Monthly Archives: February, 2016

Reforms of the pipeline review process have literally satisfied nobody

Image description: A banner reading "NO PIPELINES" is suspended from pine trees in a forested area. (Image credit: YouTube/Kahsatstenhsera)

Image description: A banner reading “NO PIPELINES” is suspended from pine trees in a forested area. (Image credit: YouTube/Kahsatstenhsera)

The Liberal government’s release of new guidelines for the pipeline review process a few weeks ago was meant to end furious feuding over the future of Canada’s oil and gas sector. The National Energy Board (NEB) reforms came hot on the heels of a nasty debate over Energy East, as the rejection of the pipeline by Montreal-area mayors was absurdly spun as a threat to national unity. The reforms were also delivered in the context of continual pressure on the new government by activists frustrated with Trudeau & Co’s delays in following through on campaign promises to fix what was widely viewed as a broken process.

The reforms, announced at a joint press conference by Minister of Natural Resources Jim Carr and Minister of the Environment and Climate Change Catherine McKenna, aimed to “rebuild Canadians’ trust in our environmental assessment processes” and to “take into account the views and concerns of Canadians, respect the rights and interests of indigenous peoples and support our natural resources sector.”

But if the government expected their announced reforms to actually create trust in the NEB process or to do anything to cool down the overheated pipeline debate, they must be sorely disappointed. Two weeks later, it’s now clear that their proposed reforms have satisfied literally nobody, and the squabbling over pipeline proposals looks set to carry on indefinitely.

Just look at the wave of opposition to various proposed pipelines that’s arisen in the days since the government tried to calm everybody down with their (hastily-thrown-together?) reform package:  Continue Reading

Liberals’ plan for Iraq & Syria will be unrealistic, unwinnable and unfinished

Image: An RCAF CF-188 Hornet refuels from a CC-150 Polaris over Iraq. In the background are white fluffy clouds and a blue sky. (Image credit: Department of National Defence)

Sources inside the Department of National Defence indicated to the press last Friday that the Liberal government’s long-awaited plan for Canada’s military operations against the so-called Islamic State (also known, derisively, as Daesh) will be revealed early this week.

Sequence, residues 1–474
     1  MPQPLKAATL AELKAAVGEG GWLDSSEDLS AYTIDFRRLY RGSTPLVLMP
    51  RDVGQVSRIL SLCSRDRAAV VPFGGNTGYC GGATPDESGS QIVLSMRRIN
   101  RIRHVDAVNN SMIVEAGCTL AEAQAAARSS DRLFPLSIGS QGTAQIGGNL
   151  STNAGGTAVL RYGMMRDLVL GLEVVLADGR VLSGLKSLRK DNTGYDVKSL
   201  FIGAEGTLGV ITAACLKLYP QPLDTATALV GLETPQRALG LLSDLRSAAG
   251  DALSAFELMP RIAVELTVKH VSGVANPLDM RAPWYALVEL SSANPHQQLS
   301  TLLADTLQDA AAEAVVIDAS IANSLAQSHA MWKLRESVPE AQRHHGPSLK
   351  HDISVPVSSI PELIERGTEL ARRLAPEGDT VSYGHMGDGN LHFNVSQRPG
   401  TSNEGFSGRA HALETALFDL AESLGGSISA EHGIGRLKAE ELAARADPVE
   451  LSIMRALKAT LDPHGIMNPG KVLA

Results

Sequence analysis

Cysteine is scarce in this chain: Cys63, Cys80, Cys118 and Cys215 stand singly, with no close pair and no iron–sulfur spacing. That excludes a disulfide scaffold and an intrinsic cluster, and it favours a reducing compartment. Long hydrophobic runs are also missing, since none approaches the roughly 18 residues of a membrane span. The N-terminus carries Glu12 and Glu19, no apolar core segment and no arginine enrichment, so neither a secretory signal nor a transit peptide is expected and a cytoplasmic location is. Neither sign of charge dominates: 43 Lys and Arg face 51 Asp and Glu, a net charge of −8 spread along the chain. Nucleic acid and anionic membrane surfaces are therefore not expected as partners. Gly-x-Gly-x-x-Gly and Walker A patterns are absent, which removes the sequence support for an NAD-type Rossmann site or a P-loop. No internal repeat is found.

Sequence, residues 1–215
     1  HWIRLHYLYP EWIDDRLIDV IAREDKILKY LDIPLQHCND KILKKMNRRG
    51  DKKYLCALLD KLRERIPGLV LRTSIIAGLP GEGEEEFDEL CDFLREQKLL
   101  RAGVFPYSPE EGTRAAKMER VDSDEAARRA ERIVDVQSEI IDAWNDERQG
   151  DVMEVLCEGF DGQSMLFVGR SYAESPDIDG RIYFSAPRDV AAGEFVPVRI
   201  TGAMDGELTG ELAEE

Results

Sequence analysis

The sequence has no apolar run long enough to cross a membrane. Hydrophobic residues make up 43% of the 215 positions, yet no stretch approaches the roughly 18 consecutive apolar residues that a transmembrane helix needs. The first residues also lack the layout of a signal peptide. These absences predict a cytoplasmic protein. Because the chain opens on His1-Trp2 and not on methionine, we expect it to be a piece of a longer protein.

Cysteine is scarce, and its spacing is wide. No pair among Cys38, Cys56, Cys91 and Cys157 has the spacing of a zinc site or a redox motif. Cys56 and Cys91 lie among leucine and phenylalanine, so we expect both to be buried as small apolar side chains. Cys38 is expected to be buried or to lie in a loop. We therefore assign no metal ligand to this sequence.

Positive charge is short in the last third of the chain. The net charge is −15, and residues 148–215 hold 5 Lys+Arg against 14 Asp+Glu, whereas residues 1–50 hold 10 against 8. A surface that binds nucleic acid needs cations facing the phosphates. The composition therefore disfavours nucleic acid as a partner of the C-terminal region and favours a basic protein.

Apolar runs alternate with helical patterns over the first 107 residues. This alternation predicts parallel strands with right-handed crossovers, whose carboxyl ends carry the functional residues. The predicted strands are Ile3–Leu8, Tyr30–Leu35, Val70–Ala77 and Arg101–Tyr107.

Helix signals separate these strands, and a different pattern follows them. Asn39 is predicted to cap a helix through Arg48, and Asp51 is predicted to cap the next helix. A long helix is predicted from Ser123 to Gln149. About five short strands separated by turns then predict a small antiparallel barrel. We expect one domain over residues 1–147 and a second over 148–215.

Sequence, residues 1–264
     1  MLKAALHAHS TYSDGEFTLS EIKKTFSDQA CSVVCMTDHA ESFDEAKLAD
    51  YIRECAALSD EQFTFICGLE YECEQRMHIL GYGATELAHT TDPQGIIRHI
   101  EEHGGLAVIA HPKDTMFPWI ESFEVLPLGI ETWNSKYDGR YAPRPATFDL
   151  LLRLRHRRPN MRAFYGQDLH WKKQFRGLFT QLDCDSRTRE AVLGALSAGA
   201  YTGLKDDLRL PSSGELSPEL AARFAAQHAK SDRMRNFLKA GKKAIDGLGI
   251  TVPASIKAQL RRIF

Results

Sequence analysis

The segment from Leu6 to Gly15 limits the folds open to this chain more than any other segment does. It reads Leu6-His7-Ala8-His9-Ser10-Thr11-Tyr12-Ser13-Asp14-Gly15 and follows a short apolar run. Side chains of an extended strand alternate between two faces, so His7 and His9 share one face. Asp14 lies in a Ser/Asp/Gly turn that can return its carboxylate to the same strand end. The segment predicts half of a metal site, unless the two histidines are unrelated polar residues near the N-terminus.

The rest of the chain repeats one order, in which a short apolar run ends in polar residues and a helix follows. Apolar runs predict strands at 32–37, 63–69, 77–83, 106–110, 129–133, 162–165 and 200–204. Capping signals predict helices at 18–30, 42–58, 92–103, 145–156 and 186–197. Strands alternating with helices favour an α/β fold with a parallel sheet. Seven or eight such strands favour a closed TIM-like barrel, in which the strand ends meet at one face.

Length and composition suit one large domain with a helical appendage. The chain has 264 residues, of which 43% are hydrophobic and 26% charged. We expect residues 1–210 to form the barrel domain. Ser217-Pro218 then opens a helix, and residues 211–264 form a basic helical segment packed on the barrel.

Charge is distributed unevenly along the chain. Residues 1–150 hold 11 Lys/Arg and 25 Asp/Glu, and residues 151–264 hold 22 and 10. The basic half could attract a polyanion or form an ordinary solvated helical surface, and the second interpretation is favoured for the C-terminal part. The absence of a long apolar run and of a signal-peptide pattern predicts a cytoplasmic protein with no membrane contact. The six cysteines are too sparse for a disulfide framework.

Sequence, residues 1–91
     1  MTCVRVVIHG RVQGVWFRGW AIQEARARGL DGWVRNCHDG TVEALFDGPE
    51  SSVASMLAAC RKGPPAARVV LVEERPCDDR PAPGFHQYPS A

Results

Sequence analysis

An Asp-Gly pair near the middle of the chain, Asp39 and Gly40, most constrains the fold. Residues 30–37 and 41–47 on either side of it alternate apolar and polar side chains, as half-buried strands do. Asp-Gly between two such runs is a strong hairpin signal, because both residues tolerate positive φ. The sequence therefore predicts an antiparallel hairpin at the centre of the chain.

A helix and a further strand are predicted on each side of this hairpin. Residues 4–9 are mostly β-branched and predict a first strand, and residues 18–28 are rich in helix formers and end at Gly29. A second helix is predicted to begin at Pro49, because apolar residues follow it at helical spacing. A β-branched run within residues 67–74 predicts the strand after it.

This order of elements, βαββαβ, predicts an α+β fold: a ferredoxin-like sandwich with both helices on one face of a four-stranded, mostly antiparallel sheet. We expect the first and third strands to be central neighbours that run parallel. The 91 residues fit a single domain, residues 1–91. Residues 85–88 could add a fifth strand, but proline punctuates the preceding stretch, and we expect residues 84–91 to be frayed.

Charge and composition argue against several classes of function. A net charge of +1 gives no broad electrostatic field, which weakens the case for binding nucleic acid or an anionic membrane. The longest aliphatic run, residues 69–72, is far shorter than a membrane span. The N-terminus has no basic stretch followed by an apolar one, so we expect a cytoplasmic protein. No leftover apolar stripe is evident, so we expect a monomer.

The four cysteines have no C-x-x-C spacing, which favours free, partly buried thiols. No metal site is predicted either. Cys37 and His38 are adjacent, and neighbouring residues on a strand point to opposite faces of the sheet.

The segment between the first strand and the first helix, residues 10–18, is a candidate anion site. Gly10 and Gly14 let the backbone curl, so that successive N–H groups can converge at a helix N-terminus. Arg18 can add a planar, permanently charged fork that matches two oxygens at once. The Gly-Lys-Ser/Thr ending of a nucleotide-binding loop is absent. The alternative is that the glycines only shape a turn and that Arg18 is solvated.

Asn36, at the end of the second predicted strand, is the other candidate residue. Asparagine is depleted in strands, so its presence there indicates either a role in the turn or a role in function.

While the specific details of the plan remain to be seen, a few things are already certain: it will be unrealistic, will feature no feasible path to victory, and will not address the main driving forces of the conflict in any meaningful way.

Bold claims? Perhaps. But how else to interpret the last four months of hyper-cautious prevarication on the part of Defence Minister Harjit Sajjan and his colleagues on this issue, their near-perfect silence on the escalation of Russian intervention in Syria or the mounting evidence of Turkish governmental collaboration with Daesh, their total unwillingness to justify their drawdown of fighter jets, their wilful ignorance of our “ally” Saudi Arabia’s involvement on both sides of the conflict? Continue Reading

Rosie Dimanno’s coverage of the Ghomeshi trial is victim-blaming rape-shaming vitriol at its worst

Image description: The top half of the front page of the Toronto Star on Feb. 6, 2016 in a newspaper box on the street.. The main headline reads "Lucy's lawyer lashes out", with the subhead (Image credit: author)

Image description: The top half of the front page of the Toronto Star on Feb. 6, 2016, in a newspaper box on the street.. The main headline reads “Lucy’s lawyer lashes out”, with the subhead “‘Trial is about Ghomeshi’s conduct,’ not his alleged victims’ behaviour”. Note the use of witness Lucy DeCoutere’s first name, which connotes a certain lack of seriousness, almost a childishness, and also the phrase “lashes out”, which implies unfocussed anger and unreasonableness. (Image credit: author)

CW: Rape, rape apology, victim-blaming.

The Toronto Star, Canada’s highest-circulation daily newspaper, has been nothing if not thorough in its coverage of the ongoing trial of Jian Ghomeshi, disgraced former CBC radio personality. (Ghomeshi, in case you’ve been living under a rock in the Himalayas, had his career implode on him last year after several women came forward accusing him of extremely violent sexual assault.) The Star has had wall-to-wall coverage of the trial, devoting a whole section on the front page of their website to regular updates on every aspect of the proceedings.